The company I currently work for has a subscription to the Portland Business Journal, so it’s a paper I have access to each week that I probably wouldn’t read otherwise. It doesn’t have a plethora of pieces that I can use for work, which is theoretically why we receive it, but I frequently find information that’s interesting to me personally. There might be news of a building sale in my neighborhood or a local company getting off the ground that might be relevant to my interests.
In the August 23rd, 2019 issue, there was an interview with author Chuck Klosterman that caught my attention. His name sounded familiar but I was surprised I hadn’t encountered his work before, especially since he moved to Portland a couple of years back.
One specific answer he gave in the interview caught my attention.
PBJ: What is it like being a working author now?
I think it’s extremely difficult for a new person to enter the publishing industry at this point. But I’ve been doing this now for 18 years. I’m kind of inside the gates.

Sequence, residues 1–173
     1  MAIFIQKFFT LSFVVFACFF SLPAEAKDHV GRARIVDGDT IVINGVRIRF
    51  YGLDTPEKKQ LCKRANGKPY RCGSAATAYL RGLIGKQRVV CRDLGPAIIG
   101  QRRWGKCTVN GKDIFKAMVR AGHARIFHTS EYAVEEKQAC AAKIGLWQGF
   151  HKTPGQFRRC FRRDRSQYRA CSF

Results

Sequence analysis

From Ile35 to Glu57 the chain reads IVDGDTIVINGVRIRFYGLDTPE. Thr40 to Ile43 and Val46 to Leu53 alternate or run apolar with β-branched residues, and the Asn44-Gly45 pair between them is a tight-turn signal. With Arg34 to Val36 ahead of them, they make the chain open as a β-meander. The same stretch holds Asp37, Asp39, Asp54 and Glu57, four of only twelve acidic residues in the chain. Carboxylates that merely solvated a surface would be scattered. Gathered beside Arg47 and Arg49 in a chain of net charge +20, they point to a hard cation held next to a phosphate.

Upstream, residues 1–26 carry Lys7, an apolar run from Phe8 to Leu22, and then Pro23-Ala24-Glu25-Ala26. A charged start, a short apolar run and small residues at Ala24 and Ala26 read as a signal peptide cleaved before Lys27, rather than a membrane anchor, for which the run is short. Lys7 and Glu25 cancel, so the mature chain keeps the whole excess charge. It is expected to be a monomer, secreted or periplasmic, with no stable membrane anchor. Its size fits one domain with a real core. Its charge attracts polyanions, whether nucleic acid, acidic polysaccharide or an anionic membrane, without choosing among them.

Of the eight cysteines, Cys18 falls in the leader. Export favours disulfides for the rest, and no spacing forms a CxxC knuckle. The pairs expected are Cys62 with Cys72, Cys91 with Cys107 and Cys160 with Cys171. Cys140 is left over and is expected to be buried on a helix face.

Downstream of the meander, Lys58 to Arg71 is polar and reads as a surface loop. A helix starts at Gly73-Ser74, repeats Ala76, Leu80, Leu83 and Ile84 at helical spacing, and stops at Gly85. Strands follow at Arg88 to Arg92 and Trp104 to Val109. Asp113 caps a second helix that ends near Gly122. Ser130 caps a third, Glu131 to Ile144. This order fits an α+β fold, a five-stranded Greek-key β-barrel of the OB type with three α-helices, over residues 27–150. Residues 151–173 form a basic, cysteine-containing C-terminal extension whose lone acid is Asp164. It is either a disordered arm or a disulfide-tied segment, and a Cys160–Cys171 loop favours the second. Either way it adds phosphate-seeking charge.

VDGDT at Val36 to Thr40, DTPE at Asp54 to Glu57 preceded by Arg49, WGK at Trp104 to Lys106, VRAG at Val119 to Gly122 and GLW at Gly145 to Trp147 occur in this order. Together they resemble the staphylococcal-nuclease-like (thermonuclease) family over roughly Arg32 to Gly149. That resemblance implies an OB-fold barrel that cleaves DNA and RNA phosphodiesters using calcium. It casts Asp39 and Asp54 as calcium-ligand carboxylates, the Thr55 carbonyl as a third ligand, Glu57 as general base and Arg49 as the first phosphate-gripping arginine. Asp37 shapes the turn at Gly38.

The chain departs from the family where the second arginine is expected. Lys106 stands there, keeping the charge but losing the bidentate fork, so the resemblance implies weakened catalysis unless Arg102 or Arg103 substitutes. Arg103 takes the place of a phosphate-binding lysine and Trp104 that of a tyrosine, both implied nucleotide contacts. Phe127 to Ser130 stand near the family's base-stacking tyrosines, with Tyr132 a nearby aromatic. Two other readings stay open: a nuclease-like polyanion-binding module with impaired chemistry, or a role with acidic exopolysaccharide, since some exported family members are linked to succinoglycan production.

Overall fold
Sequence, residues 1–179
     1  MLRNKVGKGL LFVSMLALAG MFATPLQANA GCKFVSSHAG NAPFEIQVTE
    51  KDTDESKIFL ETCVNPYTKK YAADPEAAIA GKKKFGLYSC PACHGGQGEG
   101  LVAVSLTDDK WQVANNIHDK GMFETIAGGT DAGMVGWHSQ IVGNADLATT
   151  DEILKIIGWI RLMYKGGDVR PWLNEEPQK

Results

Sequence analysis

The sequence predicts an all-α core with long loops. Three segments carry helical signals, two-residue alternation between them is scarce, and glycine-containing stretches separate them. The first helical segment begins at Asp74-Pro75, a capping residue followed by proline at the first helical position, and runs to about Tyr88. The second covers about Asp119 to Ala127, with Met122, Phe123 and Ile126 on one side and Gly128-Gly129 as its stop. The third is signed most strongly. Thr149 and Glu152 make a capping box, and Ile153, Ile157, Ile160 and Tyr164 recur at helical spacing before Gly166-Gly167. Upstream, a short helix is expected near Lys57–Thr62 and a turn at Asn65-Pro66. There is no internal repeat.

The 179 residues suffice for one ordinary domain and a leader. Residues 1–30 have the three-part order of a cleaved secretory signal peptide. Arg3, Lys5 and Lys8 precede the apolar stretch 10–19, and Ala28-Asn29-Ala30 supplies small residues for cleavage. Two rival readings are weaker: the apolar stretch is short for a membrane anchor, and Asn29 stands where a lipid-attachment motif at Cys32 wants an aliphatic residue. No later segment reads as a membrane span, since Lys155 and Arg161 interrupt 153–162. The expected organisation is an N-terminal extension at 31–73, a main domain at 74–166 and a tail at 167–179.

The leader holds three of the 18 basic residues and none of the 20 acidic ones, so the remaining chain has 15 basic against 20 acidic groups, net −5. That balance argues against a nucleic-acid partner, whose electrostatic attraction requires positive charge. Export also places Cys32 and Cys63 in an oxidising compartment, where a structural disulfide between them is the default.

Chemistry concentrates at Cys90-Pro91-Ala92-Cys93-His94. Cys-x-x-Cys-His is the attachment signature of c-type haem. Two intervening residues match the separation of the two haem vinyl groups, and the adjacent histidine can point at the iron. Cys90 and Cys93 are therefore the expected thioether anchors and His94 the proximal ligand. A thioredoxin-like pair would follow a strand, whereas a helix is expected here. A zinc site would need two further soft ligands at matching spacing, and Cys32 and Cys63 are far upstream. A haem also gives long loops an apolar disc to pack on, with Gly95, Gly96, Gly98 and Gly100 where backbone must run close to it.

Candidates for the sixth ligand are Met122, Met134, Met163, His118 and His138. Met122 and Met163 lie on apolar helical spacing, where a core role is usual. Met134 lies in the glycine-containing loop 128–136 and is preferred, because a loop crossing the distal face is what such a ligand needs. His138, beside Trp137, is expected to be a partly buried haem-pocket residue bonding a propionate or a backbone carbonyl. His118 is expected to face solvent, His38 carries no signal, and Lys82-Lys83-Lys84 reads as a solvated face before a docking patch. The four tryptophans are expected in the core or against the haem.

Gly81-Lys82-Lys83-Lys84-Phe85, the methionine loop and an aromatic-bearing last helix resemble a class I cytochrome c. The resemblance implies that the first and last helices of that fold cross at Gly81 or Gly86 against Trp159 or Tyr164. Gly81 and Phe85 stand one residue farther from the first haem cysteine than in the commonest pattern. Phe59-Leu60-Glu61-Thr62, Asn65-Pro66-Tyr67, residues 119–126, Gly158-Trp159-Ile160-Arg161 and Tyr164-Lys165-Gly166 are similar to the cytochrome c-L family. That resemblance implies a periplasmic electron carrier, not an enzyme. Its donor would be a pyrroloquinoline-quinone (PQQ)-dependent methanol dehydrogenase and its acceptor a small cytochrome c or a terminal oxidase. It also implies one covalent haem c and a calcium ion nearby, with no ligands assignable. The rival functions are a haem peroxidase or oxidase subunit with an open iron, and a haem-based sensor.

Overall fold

Frankly, with the growing disinterest the public has in reading, the middle class of writing has disappeared. If somebody wants to buy a book, they almost have to know what that book is and who wrote it before they even look for it. In the past when Barnes and Noble and places like that became really popular, people would go to bookstores almost as a social extension of their life, which they still kind of do at Powell’s.
Now, it’s hard to be a writer who exists by selling 20,000 copies of your book. It seems as though you have to sell 300,000 copies and almost work as a kind of celebrity or your book sells less than 5,000 copies and you have to do it as a hobby.
The “growing disinterest the public has in reading” bit hit me like a brick, yet I can’t argue with the perspective. And I certainly can’t forget the local publisher who thought I was overqualified for their open position when I was fresh out of my publishing program back in 2012, looking less at job title and more at gaining actual paid experience at an operational publishing company. Portland has so few of them.
While I can’t argue with a single thing Klosterman says here—it is indeed the state of the industry—the bleak sentiment really got to me. I suppose the angle I’ve taken over the last 20 years has been that publishing books isn’t the only avenue where editorial work—writing, editing, photo research, and the like—is needed. I’ve worked on museum exhibits, multimedia projects, company websites, but also printed books as well.
Young publishers, things may feel increasingly like an idiocracy but that just means your skills are needed even more in this world.